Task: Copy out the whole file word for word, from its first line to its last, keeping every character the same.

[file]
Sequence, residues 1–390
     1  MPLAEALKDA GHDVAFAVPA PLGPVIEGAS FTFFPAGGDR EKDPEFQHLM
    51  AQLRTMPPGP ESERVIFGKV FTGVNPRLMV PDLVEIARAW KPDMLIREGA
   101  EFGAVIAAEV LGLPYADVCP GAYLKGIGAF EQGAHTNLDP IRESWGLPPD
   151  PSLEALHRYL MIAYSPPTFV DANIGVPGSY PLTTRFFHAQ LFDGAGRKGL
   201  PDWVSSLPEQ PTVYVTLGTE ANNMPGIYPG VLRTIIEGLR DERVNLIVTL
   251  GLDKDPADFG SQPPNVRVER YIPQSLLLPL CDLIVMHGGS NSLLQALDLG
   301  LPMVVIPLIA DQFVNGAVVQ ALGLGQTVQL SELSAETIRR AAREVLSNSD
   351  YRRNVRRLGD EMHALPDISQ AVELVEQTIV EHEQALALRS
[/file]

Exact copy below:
Sequence, residues 1–390
     1  MPLAEALKDA GHDVAFAVPA PLGPVIEGAS FTFFPAGGDR EKDPEFQHLM
    51  AQLRTMPPGP ESERVIFGKV FTGVNPRLMV PDLVEIARAW KPDMLIREGA
   101  EFGAVIAAEV LGLPYADVCP GAYLKGIGAF EQGAHTNLDP IRESWGLPPD
   151  PSLEALHRYL MIAYSPPTFV DANIGVPGSY PLTTRFFHAQ LFDGAGRKGL
   201  PDWVSSLPEQ PTVYVTLGTE ANNMPGIYPG VLRTIIEGLR DERVNLIVTL
   251  GLDKDPADFG SQPPNVRVER YIPQSLLLPL CDLIVMHGGS NSLLQALDLG
   301  LPMVVIPLIA DQFVNGAVVQ ALGLGQTVQL SELSAETIRR AAREVLSNSD
   351  YRRNVRRLGD EMHALPDISQ AVELVEQTIV EHEQALALRS